Legal and Practical Challenges in the Implementation of Comesa Yellow Card Scheme: The Case of Ethiopia

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As regional motor third party liability insurance schemes involve parties, laws and institutions of different member states, Claims handling of cross-border traffic accidents is a complex process. Involving different stake holders and legal issues, the Yellow Card scheme of COMESA which operates in more than 13 countries couldn’t be free from challenges in its implementation. Thus the main theme of this study is to identify possible legal and practical challenges in the implementation of the YCS in Ethiopia and to forward possible way outs. The study concludes that, YCS is not clear as to, who is TP in the scheme.YCS in particular and the COMESA in general doesn’t have a comprehensive conflict of law rule. Claim handling procedure of the YCS follows a one line claim handling process and it is not in the interest of visiting victims. The liability limit incorporated under Ethiopian MTPL proclamation is not compatible with the assumptions in the scheme and it is both against the interest of foreign drivers and Ethiopian victims. Following the signing of the Protocol, states were entrusted with the responsibility to recognize the validity of the YC in their territories and to enact laws and regulations for the establishment of YCS; particularly for the designation of its NB. In a member state where single state-owned insurance company has the monopoly of all insurance operations, the government of that party to the Protocol may designate that company to act as it’s NB . Though the current situation in Ethiopia doesn’t allow state monopoly at all, EIC is still acting as NBE.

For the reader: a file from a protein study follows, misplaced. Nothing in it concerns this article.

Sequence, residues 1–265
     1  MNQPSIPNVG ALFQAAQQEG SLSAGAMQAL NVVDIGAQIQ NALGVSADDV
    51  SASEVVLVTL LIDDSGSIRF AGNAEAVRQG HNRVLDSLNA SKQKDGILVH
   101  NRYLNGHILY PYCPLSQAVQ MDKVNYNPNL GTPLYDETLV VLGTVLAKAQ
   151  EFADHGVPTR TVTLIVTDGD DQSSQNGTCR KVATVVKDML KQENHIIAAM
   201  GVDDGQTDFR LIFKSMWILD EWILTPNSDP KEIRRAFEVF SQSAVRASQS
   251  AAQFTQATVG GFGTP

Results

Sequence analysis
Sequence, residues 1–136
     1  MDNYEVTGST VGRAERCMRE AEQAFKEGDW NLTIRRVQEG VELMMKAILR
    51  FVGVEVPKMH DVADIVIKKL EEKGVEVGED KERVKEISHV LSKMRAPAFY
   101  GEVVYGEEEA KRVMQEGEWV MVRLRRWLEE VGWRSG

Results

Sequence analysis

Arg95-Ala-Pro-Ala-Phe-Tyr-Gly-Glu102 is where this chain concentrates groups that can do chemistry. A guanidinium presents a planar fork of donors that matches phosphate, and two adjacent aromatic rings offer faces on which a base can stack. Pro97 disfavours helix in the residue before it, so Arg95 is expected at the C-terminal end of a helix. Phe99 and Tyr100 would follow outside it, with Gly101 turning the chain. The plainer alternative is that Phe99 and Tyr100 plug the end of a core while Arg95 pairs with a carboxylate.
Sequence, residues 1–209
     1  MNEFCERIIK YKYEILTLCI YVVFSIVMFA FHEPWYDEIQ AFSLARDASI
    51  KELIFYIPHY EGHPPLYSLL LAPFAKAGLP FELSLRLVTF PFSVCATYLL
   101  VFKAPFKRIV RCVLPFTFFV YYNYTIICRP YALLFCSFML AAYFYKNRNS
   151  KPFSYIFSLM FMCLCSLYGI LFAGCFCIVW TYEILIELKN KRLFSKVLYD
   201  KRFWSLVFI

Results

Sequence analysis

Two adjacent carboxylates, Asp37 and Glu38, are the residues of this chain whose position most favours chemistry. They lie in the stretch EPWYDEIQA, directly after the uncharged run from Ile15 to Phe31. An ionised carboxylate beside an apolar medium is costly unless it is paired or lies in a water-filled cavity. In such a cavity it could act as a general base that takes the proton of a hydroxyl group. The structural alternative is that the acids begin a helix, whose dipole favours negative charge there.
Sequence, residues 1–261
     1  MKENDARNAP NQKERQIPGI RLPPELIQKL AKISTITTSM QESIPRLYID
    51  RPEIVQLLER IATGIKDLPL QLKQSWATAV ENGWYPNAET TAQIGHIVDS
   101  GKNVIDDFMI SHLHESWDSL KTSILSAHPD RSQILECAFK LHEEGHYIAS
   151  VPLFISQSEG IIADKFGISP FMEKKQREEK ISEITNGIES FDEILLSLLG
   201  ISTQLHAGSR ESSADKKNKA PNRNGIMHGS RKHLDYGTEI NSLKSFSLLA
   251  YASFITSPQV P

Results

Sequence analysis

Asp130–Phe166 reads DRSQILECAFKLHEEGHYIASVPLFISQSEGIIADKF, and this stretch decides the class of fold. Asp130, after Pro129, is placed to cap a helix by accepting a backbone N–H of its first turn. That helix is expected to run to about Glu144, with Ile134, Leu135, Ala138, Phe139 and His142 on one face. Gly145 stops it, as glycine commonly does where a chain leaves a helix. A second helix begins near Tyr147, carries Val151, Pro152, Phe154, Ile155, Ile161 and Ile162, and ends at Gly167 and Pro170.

member states, Claims handling